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About The Production

The development of "The Postman" began with producer Steve Tisch optioning David Brin's novel in 1985 and setting it up at Warner Bros.

Says Tisch, "It was a provocative, fascinating story to me, mixing elements of futuristic action drama with a real morality play -- a situation in which perception becomes reality and it's for the good. As appealing as that was, however, it was difficult to match this story with a team of filmmakers and cast that would do it the greatest justice. Finally, after more than a decade, I felt we had found the perfect answer to both our casting and our directing challenge in one man -- Kevin Costner.

"As a producer, you learn how to have tremendous patience," notes Tisch. "To wait 12 years for the right script to attract Kevin first as an actor, then as a director -- well, it's been well worth the wait." Tisch also produced the Academy Award-winning "Forrest Gump," which took nine years to bring to the screen.

According to Jim Wilson, the film's producer and Costner's partner in Tig Productions, Costner originally planned only to star in "The Postman." But as he got deeper into studying his character and the story, he became attracted to the idea of directing the project.

"The Postman is a beautifully crafted and carved character, and one in which Kevin was not only comfortable, but also felt challenged," says Wilson. "So I think that he came to this project as an actor first.

"As weeks went by, he started to involve himself with the screenplay and the whole process of filmmaking," Wilson continues. "It then became part of him. Suddenly he couldn't imagine anyone else rendering the movie in the same way that he could; it became too precious to let go."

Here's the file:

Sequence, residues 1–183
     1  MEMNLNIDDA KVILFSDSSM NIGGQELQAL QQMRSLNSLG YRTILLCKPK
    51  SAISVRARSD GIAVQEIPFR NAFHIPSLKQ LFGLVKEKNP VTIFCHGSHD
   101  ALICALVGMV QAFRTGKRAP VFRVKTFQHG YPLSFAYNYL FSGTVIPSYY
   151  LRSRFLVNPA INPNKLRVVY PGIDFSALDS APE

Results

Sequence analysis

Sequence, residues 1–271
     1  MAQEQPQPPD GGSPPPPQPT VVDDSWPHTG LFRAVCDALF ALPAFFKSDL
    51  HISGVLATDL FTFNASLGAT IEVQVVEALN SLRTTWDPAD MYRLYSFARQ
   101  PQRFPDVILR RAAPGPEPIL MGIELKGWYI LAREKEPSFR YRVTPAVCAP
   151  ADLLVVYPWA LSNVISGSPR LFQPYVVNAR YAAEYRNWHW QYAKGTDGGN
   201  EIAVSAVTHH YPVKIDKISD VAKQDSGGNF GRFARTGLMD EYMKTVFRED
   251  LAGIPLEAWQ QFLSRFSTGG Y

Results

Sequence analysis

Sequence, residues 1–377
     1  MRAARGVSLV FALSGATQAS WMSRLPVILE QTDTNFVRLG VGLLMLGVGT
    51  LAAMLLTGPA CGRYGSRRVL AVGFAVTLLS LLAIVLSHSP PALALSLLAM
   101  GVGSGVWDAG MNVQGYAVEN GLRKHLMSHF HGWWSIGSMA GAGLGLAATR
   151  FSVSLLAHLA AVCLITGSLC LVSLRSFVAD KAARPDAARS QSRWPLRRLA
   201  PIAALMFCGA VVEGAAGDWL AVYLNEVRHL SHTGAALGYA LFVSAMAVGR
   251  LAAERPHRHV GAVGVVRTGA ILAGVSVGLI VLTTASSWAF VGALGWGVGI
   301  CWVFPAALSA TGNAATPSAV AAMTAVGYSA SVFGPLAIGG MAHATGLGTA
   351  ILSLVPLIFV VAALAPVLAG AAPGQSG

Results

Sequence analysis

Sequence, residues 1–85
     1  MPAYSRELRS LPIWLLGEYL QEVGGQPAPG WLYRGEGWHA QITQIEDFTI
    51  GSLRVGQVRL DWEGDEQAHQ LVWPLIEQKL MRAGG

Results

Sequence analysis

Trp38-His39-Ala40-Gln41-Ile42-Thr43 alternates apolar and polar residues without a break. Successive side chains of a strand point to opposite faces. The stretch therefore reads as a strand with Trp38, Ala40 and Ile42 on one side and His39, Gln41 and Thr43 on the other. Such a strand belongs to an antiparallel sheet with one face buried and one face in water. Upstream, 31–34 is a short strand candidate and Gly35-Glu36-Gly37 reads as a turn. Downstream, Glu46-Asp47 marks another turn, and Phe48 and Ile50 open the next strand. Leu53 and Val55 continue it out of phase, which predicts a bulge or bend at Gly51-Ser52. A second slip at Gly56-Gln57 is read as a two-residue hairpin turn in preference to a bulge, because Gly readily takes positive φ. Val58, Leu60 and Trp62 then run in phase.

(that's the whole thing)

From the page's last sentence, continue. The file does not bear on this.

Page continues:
In 1990, Costner made his directorial debut with "Dances With Wolves." The film earned seven Academy Awards, including Best Picture and Best Director, and became a motion-picture classic. In 1997, Costner's return to directing is again inspired by an intimate story set against a large visual canvas. In "The Postman," a sweeping look at mankind's possible fate in the near future is balanced by the relationship of the central character to a handful of others, and, most important, to himself. During the course of the story, The Postman changes from a glib poseur who uses his uniform and letters merely as props to a principled and, ultimately, heroic man.

He builds friendships with people like the idealistic Ford Lincoln Mercury (Larenz Tate), a young survivor who is inspired to acts of tremendous bravery because of his belief, through The Postman, in a restored U.S. government and the future it implies.

The Postman also meets Abby (Olivia Williams), a self-reliant woman who has been toughened by her experiences and who is resistant to any kind of emotional manipulation. Her inner strength and self-possession intrigue The Postman and draw him toward a friendship with her.

"You're always looking for the original story," explains Costner. "And you're always looking for something that resonates with you. If you're going to be in the storytelling business, then you want to try and tell a story that hasn't been told. 'The Postman' has certain aspects that I have liked in other stories but here they're told in a very original way."

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